AUGUSTA, Ga. — At the 2020 Masters, Bryson DeChambeau famously said his strategy would be to play Augusta National as a par-67 course because he was hitting the ball so far off the tee.
DeChambeau didn’t come close to that number that year, tying for 34th. The next year, he finished over par in three of four rounds and tied for 46th. In 2022, he was 12 over after 36 holes and missed the cut.
Does DeChambeau regret making those comments?
“Do I regret? Everybody has a perspective on it,” DeChambeau said Monday. “I don’t think I regret anything. What I do understand is that I have a lot of respect for the course. Because of that statement, [people] think I don’t have respect for the course. Are you kidding me? This is one of the greatest golf courses in the entire world, and if anybody thinks I don’t have respect for the course, they’d better go check out who I actually am, because it’s not accurate one bit.”
Before the 2020 Masters, which was played in November because of COVID-19 restrictions, DeChambeau boasted: “I’m looking at it as a par-67 for me because I can reach all the par-5s in 2, no problem. If the conditions stay the way they are, that’s what I feel like par is for me. That’s not me being bigheaded. I can hit it as far as I want to.”
In hindsight, DeChambeau said he wishes he had explained his feelings differently.
“Hypothetically, theoretically, look, if you make 18 birdies, it’s going to be 54, right?” DeChambeau said. “It’s a perfect score, right? Unattainable, 67 every day, unattainable. It can happen, but is it likely to happen? Probably not. With the distance I’m hitting it and was hitting it, I thought there was a possibility, but that’s only with your A-game, and I should have rephrased that. If you have your A-game, there’s a good chance of being able to do that.”
Augusta National has delivered DeChambeau a healthy dose of humility since he made those comments.
“Long story short, I don’t want anybody to take it out of context,” he said. “I just want it to be known for the fact that I have great respect for this course, and clearly what did I shoot last year and missed the cut? A lot? I shot like 10 over, so what’s that, 5 shots more, something like that? So 10 more shots? So I shot like 22-over par. I can make a joke about it. Do I regret it? I learn from all my mistakes.”
As DeChambeau prepares for another Masters start on Thursday, a lot has changed. He is no longer a member of the PGA Tour, and he is captain of Crushers GC in the rival LIV Golf League. He also has slimmed down quite a bit. He said a blood test revealed he was sensitive to several foods, including corn, wheat and gluten. He said he has less inflammation and lost 18 pounds in 24 days.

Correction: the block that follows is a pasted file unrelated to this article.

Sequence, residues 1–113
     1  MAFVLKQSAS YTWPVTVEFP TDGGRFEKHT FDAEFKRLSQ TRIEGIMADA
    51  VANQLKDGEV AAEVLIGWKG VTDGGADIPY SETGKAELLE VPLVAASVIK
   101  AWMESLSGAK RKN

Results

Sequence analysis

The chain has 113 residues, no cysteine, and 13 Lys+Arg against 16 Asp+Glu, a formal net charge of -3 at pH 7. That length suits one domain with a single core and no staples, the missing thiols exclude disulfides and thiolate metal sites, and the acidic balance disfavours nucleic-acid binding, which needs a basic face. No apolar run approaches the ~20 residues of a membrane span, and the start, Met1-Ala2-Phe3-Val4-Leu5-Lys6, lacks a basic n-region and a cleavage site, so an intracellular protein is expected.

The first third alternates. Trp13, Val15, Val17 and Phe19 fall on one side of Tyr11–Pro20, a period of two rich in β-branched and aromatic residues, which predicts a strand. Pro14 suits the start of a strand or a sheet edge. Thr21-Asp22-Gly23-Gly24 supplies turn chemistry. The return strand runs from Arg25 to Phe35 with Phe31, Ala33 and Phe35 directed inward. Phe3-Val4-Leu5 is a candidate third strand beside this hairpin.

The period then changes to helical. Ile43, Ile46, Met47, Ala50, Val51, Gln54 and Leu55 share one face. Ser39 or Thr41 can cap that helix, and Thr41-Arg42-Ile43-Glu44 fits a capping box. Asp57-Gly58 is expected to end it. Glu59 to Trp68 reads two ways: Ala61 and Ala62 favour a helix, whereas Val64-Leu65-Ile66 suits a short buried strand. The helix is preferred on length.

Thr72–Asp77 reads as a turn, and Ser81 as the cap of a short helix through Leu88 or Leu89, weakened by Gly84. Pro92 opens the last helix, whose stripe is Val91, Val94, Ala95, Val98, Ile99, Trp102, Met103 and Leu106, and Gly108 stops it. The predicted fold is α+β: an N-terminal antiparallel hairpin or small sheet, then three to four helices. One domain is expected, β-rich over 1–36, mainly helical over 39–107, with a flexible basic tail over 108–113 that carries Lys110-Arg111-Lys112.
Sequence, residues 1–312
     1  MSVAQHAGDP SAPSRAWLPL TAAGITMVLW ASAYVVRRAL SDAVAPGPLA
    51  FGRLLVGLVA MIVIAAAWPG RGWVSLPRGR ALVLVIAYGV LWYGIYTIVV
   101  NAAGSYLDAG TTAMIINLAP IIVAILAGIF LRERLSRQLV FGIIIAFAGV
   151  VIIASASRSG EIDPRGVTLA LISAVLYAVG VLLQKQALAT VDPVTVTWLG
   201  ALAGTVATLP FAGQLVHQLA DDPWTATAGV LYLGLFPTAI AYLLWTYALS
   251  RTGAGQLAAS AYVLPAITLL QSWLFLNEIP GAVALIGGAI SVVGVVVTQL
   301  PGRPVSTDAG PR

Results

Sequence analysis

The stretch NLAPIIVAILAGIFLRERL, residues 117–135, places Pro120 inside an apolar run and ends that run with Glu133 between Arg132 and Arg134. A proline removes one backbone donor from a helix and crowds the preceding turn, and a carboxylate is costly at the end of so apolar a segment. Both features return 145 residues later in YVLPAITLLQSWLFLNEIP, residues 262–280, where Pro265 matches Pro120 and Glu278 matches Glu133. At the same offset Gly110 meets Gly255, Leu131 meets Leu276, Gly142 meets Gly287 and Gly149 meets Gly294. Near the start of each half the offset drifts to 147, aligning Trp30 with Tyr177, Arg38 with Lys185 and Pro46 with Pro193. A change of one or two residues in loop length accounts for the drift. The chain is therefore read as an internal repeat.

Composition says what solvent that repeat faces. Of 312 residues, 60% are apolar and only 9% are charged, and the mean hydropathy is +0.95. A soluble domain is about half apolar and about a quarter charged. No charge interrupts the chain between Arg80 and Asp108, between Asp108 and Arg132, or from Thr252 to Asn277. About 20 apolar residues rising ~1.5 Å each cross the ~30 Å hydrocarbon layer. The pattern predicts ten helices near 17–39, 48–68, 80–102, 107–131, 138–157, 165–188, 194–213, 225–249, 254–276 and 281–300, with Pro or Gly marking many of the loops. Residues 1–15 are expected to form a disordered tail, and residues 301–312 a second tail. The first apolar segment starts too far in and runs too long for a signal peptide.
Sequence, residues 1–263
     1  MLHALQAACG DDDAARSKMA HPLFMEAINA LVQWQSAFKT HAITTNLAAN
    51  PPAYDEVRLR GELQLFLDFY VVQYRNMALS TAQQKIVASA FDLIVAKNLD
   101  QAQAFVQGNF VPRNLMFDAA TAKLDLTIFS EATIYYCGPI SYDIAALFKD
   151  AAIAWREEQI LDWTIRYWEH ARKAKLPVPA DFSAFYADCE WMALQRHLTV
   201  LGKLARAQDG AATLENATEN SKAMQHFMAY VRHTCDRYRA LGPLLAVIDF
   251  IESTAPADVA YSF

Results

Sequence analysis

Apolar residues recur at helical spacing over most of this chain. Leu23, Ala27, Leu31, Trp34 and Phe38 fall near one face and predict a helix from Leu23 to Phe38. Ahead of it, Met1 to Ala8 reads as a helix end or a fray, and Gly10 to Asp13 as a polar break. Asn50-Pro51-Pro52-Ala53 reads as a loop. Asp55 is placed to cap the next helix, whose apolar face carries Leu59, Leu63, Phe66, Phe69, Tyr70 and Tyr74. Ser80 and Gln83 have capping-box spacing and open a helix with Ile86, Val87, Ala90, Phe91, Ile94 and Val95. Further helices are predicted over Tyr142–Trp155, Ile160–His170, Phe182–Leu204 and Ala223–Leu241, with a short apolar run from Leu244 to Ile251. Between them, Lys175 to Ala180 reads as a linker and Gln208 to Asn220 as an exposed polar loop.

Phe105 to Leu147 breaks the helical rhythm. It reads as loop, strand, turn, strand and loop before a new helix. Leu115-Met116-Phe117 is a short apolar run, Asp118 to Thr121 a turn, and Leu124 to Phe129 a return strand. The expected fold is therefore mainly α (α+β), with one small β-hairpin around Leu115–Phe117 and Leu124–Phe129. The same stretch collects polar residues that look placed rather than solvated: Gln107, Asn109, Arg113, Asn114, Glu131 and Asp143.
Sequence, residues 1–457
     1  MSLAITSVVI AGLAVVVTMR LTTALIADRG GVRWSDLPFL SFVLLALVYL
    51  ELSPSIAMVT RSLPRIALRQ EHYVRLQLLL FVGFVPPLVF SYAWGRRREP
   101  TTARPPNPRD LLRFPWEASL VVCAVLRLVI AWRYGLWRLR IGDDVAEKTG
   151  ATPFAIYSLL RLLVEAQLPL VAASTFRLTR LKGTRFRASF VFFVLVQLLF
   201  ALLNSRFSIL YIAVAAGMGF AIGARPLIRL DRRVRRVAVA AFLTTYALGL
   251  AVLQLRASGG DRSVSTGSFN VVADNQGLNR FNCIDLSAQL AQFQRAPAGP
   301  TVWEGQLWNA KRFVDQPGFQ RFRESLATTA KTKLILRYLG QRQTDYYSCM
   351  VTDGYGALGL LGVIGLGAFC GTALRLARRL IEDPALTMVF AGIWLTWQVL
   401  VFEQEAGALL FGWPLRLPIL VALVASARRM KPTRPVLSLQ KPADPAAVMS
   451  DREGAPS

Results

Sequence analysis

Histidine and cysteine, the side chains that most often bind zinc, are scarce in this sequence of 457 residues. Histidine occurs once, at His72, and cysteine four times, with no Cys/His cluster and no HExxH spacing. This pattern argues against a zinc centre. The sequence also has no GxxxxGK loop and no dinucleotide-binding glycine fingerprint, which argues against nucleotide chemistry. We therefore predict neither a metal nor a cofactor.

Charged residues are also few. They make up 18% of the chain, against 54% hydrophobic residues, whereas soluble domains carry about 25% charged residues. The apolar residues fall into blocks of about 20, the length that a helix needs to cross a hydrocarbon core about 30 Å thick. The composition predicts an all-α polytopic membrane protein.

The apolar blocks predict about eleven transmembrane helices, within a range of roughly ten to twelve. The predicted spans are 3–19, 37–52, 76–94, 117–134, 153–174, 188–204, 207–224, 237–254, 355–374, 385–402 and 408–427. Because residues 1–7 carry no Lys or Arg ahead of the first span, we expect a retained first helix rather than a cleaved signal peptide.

“I was pleased with that improvement in my body, and I feel like my whole body has gotten a lot better in general just having less inflammation,” DeChambeau said. “I may not hit it as far and have necessarily the energy, but I feel healthier, and I’m just in a better place with my body. I don’t feel like I can have as many injuries, which is nice.”
In December, DeChambeau underwent surgery to remove a retention cyst from his sinuses, which he said caused him to suffer bouts of vertigo going back to the 2020 Masters. In April 2022, he had surgery to repair a fractured hook of the hamate bone in his left wrist.
Ranked No. 4 in the world after his victory in the 2020 U.S. Open, DeChambeau hasn’t won in more than two years and is now ranked 155th. He hasn’t finished higher than 10th in nine LIV Golf events over the past two seasons, and he was 21st in points last year. He is 33rd in points after three tournaments this year.
DeChambeau is still trying to get his game back in order. He has given up on his quest for increased length off the tee and is concentrating on the fundamentals of his swing.
“I swung it really hard and got it to 96 [yards] on [the fifth hole], hit it right over the bunkers,” DeChambeau said. “But again, it can go offline pretty far if it’s not hit perfectly. I’m probably 90 percent where I was with a little bit more control. So, you know, that’s kind of where I’m staying at right now, and I feel comfortable with the misses. That’s the main part. If I can miss it well around this golf course, I’ll give myself a chance.”
After three straight less-than-spectacular performances at Augusta National, what are DeChambeau’s expectations for this week?
“I don’t come here to finish second, but I will say that I’ve got a lot of work to do before I can get there,” he said.